James Cook - A Journal of the proceedings of His Majesty's Bark Endeavour on a voyage round the world, by Lieutenant James Cook, Commander, commencing the 25th of May 1768 - 23 Oct. 1770 - Page 314

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New Wales En Coast of New Holland
Between which & the Main their appear'd to be a good passage, thro' which we might pass by running to Seaward of the Shoals on our Sarboard bow which was now [?] near us, whereupon we wore & bro.d too & sent away the pinnace & yawl to direct us clear of the Shoals & then stood after them having got round the SEn point of the Shoals we steer'd NW along the SW or inside of it keeping a good lookout at the Masthead having another Shoal on our Sarboard side. but we found a good Channel of a Mile broad between them wherein were from 10 to 14 fa.ms. At 11 o'clock being nearly the length of the Islands abovementioned & desiring to pass between them & the Main, the yawl being thrown a stern by falling in upon a part of the Shoal she could not get over we bro.d the ship too & sent away the Long[?] which we had a stern & rigg'd to keep in Shore upon our Sarboard bows & the pinnace on our Starboard for altho' there appear'd nothing in the Passage yet I thought it necessary to take this method because we had a strong flood which carried us on end very fast. & it did not want much of high water, as soon as the Boats were ahead we stood after them & got through by noon at which time we were by observation in the Lat of 10:36:30S. the nearest part of the Main & which we soon after found to be the Northernmost body W. southerly distant 3 or 4 miles. the Islands which form'd the passage beforementioned extending from No. to N75° E dist.ce 2 or 3 Miles. at the same time we saw Islands at a good distance off extending from NbW to WNW & behind them another chain of high land which we likewise judged to be Islands, the Main land we thought extended as far as No71°W but this we found to be Islands the point of the Main [deleted words indecipherable] which forms one side of the passage before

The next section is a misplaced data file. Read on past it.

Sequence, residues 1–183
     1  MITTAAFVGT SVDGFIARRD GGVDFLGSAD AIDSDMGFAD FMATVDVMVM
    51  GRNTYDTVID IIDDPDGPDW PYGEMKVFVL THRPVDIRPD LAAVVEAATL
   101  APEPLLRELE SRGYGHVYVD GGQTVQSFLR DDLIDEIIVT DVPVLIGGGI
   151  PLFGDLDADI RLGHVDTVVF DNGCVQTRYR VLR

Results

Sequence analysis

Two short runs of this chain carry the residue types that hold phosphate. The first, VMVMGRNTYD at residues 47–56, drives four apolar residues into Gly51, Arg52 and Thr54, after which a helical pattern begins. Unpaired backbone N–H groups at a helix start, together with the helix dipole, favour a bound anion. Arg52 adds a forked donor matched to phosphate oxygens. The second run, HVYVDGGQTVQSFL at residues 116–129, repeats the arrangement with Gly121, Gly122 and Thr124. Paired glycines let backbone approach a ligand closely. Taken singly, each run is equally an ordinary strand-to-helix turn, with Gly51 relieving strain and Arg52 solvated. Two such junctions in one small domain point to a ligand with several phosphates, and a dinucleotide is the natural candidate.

[margin] York Cape[/margin]
mentioned & which is the Northern Promontary of this Country I have named York Cape in honour of his late Royal Highness the Duke of York. it lies in the Long.de of 218° 24'W. the No point in the Lat.de of 10'.39So. & the Cs point in 10°4' the land over & to the Southward of this last point is rather low & very flatt as far inland as the Eye could reach & looks barren, to the Southward of the Cape the Shore forms a large open bay which I called Newcastle bay wherein are some small low Islands & Shoals & the
[margin] Newcastle Bay[margin]
land all about it is very low flatt & sandy, the last Northern part of the Cape is rather more hilly & the shore forms some small bays wherein there appear'd to be good anchorage & the vallies appear to be tolerably well cloathed with wood. close to the E point of the Cape are 3 sand Islands & a small Ledge of rocks spitting off from one of them. there is also an Island laying close to the No. point. the other Islands before spoke of lay about 4 miles without these. only two of them are of any extent the Southerm.st is the largest & much higher than any part of the Main land

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